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June 09, 2013

Was Queen Elizabeth the 1st really a man?

This is pretty great and convincing. Is this proof the Virgin Queen was an imposter in drag? Shocking new theory about Elizabeth I unearthed in historic manuscripts | Mail Online
The king, Henry VIII, was due at any hour. He was travelling from London, in great discomfort — for the 52-year-old monarch was grossly overweight and crippled by festering sores — to visit his daughter, Elizabeth. The young princess had been sent there that summer from the capital to avoid an outbreak of plague. But she had fallen sick with a fever and, after weeks of bleeding, leeches and vomiting, her body was too weak to keep fighting. The night before the king’s arrival, his favourite daughter, the only child of his marriage to Anne Boleyn, had been dangerously ill. In the morning, Elizabeth lay dead. Elizabeth’s governess, Lady Kat Ashley, and her guardian, Thomas Parry, had good reason to fear telling the king this awful news. It would cost them their lives. Four of Henry’s children had died in infancy and, of the survivors, one — Edward — was a sickly boy of five and the other an embittered, unmarried woman in her late 20s. The ten-year-old Elizabeth was Tudor England’s most valuable child in many ways. She could surely be married to a French or Spanish prince to seal an international alliance — and her own children would secure the Tudor dynasty Henry so desperately craved. Now she was dead, and when the king discovered it, Parry and Lady Ashley would surely be executed. Their sole duty had been to keep the princess safe: failure was treason. The penalty would not even be beheading, but death by the most gruesome torture imaginable. They would be bound and dragged through the mud for a mile to the scaffold. There they would be hanged, cut down and disembowelled. Their entrails would be hauled from their bodies and held in front of their faces as they died, and then their limbs would be hacked off and displayed on spikes, to be picked bare by the birds. Their only chance of concealing the truth, and perhaps buying themselves a few days to flee the country, was to trick the king. Kat Ashley’s first thought was to find a village girl and dress her up in the princess’s robe, with a mantle, to fool the king. Bisley was a tiny hamlet, however, and there were no female children of Elizabeth’s age. But there was a boy, from a local family called Neville. He was a gawky, angular youth a year or so younger than Elizabeth, who had been the princess’s companion and fellow pupil for the past few weeks. And with no time to look further afield for a stand-in, Parry and Lady Ashley took the desperate measure of forcing the boy to don his dead friend’s clothes. Remarkably, the deception worked. Henry saw his daughter rarely, and was used to hearing her say nothing. The last time she had been presented in court, meeting the new Queen Catherine Parr, she had been trembling with terror. The princess was known as a gentle, studious child, and painfully shy — not a girl to speak up in front of the king who had beheaded her mother. . . .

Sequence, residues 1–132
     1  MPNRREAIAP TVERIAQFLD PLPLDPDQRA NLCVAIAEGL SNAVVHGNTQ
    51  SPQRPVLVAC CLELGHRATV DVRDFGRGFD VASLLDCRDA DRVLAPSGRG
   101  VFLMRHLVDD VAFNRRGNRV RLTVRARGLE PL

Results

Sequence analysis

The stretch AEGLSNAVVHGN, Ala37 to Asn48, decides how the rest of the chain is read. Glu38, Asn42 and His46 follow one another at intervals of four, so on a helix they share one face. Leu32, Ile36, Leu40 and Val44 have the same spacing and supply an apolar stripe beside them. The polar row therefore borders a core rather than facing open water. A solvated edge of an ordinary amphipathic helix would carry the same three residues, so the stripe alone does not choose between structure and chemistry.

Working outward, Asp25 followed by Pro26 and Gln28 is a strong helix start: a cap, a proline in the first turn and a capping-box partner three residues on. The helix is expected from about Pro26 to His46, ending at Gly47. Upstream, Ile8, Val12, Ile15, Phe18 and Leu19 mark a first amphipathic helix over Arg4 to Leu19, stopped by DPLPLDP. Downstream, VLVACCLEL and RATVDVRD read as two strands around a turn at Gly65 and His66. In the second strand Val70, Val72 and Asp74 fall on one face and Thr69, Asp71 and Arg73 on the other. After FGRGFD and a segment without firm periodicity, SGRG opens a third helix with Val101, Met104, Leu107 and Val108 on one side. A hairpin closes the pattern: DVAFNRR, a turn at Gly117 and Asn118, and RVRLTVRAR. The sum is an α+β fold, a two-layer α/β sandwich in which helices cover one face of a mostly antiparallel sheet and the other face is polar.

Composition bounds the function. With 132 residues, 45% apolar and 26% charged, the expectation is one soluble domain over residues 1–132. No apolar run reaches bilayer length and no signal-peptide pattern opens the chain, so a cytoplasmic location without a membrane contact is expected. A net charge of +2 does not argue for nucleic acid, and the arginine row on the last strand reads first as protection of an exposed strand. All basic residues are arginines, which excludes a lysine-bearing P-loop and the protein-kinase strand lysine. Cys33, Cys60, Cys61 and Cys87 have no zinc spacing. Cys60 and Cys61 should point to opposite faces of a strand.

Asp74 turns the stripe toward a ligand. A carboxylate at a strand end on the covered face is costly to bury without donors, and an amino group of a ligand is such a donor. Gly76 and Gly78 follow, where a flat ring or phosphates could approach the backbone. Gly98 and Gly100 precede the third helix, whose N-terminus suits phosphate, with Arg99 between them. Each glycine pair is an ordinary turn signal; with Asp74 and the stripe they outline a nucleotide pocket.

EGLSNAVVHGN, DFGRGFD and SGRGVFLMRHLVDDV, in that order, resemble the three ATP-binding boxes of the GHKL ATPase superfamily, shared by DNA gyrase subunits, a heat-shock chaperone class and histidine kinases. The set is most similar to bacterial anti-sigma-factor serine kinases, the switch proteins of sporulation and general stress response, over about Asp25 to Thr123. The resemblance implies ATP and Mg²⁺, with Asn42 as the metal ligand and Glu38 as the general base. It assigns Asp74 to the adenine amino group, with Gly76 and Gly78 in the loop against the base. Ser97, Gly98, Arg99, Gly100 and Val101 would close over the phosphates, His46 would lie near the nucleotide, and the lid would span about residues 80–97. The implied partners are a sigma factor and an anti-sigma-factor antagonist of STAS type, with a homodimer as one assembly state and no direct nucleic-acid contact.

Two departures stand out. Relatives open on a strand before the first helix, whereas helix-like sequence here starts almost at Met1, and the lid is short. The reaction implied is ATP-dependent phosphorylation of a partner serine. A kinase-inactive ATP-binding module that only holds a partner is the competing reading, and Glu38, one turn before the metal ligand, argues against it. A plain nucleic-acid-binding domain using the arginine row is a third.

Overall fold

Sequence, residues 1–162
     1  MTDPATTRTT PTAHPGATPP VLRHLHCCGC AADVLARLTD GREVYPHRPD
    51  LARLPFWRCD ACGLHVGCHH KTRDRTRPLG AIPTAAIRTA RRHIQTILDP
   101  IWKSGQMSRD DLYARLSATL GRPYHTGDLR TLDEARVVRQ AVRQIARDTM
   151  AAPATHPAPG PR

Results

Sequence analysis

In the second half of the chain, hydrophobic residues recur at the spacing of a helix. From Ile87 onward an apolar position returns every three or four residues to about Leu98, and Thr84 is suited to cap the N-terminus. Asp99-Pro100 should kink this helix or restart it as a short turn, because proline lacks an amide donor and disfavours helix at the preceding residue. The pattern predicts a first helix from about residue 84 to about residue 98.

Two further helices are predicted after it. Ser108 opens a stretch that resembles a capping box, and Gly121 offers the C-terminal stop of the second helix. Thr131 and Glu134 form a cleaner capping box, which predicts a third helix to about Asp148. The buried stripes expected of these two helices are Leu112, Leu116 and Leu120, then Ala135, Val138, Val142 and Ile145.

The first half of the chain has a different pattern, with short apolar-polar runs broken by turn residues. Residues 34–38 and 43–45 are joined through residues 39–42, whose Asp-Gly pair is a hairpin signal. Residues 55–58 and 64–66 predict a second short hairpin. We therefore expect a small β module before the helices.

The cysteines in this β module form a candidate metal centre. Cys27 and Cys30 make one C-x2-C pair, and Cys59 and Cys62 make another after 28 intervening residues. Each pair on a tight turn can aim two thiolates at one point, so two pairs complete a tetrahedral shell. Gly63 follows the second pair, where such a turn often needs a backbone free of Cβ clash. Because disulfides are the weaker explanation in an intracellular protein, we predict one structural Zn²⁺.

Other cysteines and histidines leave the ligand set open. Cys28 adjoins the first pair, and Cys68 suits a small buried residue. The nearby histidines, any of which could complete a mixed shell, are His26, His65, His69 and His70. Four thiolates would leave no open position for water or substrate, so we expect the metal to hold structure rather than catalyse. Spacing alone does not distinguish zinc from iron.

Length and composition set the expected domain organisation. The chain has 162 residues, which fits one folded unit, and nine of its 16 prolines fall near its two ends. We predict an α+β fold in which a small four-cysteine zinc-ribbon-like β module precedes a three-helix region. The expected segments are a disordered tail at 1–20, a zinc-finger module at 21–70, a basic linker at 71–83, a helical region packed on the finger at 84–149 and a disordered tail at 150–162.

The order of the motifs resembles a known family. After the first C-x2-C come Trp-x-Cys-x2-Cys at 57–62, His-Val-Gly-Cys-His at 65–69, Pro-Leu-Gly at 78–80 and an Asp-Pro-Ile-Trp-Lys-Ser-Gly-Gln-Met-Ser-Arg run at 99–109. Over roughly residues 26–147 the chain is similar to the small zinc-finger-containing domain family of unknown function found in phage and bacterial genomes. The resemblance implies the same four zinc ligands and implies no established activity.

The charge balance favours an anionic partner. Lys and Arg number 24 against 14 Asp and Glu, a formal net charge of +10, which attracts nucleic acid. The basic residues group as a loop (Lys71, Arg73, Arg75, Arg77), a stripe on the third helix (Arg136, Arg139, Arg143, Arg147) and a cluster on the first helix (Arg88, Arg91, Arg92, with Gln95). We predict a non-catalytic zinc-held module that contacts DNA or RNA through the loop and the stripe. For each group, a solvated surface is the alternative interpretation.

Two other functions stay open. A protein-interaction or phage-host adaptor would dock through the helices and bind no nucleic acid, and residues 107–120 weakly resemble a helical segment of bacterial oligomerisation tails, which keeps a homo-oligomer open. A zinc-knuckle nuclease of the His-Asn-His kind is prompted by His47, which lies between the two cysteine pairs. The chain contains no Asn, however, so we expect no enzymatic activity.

June 08, 2013

Samuel Beckett, the playwright, used to drive Andre the Giant to school

Explore – When Andre was 12, he was already over 6 feet tall...
When André was 12, he was already over 6 feet tall and weighed 240 pounds. He was too big to fit on the local school bus and his family didn’t have the money to buy a car that could deal with his weight if it drove him to and from school. Samuel Beckett, Nobel Prize winner (literature) and esteemed playwright, probably most noted for Waiting for Godot, bought some land in 1953 near a hamlet around forty miles northeast of Paris and built a cottage for himself with the help of some locals. One of the locals that helped him build the cottage was a Bulgarian-born farmer named Boris Rousimoff, who Beckett befriended and would sometimes play cards with. As you might’ve been able to guess, Rousimoff’s son was André the Giant, and when Beckett found out that Rousimoff was having trouble getting his son to school, Beckett offered to drive André to school in his truck — a vehicle that could fit André — to repay Rousimoff for helping to build Beckett’s cottage. Adorably, when André recounted the drives with Beckett, he revealed they rarely talked about anything other than cricket.